In twenty years one third of young adults will have had bilingual experience. In some states like California, 6 of 10 young adults will have come from bilingual households. This does not include young persons who grew up in a solely English household and learned another language. Can you think of other facts that so dramatically show how global our demographics have become?
I found this out through analysis of data on languages spoken at home where there is a child 8 or younger.
One-third (11.2 million) of the nearly 23 million preschool-age children (8 or younger) in the United States live with a parent who speaks a language other than English. These households are demographically very diverse. For 31% of the households, the highest educational attainment of either parent is less than high school. But 41% have graduated from college – reflecting the hourglass profile of immigrants.
Nationwide, the five most common non-English languages nationwide are: A Spanish, B Chinese, C Arabic, D Tagalog and E Vietnamese (F: Other).
A fifth of bilingual household young children nationwide live in California, or 60% of all young children who live in that state. Their parents are much better educated than the national average, with only 8% without a high school degree and 50% with a college degree.
States differ dramatically in the most common non-English languages spoken at time. For example, in California, the distribution of languages is heavily tilted toward Spanish. The top five are A Spanish (67%), B Chinese, C Tagalog, D Vietnamese and E Korean (F: Other). As noted, the affected children are half of the young children in the state.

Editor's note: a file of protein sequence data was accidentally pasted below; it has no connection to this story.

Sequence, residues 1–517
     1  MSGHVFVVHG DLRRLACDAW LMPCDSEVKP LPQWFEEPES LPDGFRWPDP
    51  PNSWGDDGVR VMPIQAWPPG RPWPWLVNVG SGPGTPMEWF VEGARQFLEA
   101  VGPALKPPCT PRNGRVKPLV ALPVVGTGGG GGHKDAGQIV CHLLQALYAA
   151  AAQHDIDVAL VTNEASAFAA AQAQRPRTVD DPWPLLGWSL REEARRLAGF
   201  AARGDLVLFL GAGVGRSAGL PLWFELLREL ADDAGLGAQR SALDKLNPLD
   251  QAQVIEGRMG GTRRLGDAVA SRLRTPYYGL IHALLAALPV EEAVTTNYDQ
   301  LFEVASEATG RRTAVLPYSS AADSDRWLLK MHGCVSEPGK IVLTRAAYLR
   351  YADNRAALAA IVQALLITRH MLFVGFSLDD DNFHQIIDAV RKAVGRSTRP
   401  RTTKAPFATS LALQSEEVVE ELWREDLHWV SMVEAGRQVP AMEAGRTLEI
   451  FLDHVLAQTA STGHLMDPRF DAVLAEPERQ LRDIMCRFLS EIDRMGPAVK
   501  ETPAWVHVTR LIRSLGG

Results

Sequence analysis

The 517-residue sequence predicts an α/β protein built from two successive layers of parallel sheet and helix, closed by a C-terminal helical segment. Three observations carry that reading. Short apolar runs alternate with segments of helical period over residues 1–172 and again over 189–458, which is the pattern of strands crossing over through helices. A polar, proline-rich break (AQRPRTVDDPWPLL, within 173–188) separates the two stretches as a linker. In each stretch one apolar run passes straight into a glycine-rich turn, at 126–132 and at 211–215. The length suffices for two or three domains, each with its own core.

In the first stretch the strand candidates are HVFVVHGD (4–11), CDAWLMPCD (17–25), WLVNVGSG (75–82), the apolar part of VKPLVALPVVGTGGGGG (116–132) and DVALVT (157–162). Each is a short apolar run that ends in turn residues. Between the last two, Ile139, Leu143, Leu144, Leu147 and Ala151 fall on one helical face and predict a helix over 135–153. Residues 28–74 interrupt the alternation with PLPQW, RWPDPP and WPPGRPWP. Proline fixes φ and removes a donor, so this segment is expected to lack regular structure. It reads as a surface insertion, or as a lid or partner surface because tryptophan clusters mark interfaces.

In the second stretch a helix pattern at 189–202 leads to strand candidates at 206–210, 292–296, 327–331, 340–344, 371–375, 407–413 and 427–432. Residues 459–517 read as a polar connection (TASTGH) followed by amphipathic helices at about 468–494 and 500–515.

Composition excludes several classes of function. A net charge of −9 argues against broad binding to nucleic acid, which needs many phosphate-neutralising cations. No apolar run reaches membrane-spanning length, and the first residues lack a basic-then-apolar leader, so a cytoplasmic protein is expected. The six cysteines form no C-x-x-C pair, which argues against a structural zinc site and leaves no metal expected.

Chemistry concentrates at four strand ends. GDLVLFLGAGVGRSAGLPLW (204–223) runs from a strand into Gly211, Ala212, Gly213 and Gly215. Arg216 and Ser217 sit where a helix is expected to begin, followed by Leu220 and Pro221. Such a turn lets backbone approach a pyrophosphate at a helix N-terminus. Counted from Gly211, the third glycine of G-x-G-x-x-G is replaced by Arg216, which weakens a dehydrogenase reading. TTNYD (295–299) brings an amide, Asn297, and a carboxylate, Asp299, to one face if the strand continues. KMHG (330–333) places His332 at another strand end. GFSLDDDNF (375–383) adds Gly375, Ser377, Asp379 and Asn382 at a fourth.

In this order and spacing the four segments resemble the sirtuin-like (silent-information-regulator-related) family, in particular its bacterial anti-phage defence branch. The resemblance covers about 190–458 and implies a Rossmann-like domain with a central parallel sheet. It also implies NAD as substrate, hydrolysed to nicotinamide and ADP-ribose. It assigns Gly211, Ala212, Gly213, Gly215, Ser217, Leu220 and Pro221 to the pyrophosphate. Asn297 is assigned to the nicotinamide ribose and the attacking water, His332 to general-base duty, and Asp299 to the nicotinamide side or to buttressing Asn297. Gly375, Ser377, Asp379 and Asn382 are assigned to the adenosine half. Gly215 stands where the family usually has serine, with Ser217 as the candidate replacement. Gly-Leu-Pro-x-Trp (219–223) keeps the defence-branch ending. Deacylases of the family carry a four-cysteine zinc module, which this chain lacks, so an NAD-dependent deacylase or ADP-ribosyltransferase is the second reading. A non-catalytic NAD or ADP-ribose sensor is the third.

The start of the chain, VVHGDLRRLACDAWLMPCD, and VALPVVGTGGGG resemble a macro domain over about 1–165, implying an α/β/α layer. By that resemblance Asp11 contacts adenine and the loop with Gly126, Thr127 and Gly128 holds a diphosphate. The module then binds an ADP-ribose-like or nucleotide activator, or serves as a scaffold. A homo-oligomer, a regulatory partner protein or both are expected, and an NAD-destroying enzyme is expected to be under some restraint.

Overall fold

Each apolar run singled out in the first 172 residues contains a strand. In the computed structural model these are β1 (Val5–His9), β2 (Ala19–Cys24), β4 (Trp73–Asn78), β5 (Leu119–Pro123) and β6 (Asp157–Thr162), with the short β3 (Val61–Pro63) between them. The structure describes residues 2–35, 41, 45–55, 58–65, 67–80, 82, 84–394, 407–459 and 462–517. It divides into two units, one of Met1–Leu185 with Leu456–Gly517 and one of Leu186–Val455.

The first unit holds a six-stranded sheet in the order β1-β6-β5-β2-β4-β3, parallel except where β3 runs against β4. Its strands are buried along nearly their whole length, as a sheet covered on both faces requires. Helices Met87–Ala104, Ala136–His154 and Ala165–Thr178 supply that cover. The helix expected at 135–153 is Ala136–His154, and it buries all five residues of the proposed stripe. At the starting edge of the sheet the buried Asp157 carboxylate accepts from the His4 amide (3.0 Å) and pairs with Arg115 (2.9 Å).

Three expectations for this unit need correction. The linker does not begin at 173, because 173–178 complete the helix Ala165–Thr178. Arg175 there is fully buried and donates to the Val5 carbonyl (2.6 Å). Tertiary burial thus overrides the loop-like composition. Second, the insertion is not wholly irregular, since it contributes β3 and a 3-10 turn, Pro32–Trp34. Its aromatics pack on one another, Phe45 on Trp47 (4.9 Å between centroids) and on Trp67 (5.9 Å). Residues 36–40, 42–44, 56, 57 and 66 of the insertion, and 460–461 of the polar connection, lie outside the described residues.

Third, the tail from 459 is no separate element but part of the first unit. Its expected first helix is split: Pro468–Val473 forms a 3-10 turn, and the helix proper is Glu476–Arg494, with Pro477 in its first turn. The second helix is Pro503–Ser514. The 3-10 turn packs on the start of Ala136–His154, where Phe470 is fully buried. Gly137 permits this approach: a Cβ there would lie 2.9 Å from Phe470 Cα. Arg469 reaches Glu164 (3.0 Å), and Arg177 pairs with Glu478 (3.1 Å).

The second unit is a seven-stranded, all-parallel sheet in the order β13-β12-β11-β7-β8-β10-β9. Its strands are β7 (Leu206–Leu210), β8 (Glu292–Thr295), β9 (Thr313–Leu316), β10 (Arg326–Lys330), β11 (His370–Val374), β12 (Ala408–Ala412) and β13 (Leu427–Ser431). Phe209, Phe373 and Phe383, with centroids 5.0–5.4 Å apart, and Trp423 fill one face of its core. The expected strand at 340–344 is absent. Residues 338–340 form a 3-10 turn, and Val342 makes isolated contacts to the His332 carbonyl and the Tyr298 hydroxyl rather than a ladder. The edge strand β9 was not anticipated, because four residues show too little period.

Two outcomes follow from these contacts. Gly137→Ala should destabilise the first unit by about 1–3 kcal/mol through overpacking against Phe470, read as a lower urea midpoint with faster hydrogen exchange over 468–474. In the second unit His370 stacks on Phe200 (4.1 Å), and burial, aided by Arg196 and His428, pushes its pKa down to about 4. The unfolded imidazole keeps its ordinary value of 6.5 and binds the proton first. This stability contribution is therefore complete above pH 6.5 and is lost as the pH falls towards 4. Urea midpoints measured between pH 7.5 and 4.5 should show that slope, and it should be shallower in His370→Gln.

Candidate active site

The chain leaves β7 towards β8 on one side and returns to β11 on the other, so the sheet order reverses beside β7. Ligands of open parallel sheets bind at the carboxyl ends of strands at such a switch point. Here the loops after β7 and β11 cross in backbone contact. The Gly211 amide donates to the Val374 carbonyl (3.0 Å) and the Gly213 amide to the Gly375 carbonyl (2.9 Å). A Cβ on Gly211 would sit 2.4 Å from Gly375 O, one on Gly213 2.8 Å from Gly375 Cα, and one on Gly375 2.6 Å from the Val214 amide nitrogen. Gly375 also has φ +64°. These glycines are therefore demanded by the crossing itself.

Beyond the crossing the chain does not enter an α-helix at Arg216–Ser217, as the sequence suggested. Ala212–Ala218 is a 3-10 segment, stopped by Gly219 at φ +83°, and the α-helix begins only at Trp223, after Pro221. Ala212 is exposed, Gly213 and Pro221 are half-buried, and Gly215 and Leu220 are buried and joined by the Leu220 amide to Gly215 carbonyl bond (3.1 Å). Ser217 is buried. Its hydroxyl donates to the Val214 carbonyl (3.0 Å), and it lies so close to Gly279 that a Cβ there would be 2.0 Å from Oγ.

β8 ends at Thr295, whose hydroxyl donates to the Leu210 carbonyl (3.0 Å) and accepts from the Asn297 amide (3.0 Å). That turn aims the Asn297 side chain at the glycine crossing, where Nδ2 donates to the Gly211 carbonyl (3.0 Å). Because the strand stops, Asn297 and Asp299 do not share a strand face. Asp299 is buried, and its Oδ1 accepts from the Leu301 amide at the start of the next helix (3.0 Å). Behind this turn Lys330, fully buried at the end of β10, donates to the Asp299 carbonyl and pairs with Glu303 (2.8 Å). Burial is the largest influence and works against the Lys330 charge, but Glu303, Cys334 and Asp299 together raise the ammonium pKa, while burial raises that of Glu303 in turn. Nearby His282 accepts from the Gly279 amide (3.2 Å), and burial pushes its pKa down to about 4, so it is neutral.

In Minnesota, the distribution is much more balanced: A Spanish (26%), B Somali, C Hmong, D Arabic, E Russian (F: Other). 22% of young children live in dual language households. 32% of these households have less than a high school education, but 42% have graduated from college.
From The Migration Policy Institute. For data on each state, go here.
Lots of editorials and opinion pieces about how the low birth rate in the United States argues for increasing immigration. Such as:
“According to the National Center for Health Statistics, the number of births in the United States in 2020 was down 4% from the previous year. This marked the sixth year in a row that births have declined and amounts to the lowest number of births in the country since 1979….The U.S. economy depends on growth of the labor force to generate the tax revenue needed to maintain programs like Social Security. And a key component of labor-force growth is immigration.” (From here.)
About 50% of new immigrants are employed or readily employable. The implicit message is that immigration must shift towards a higher percentage. This is difficult because workers often have families. Also, because temporary work programs, for those with or without a lot of formal education, are hard to manage. Nonetheless, the simple demographic argument for more immigrants is easy to understand.
A piece on birth rate trends since 1960 and how to measure the birth rate is here.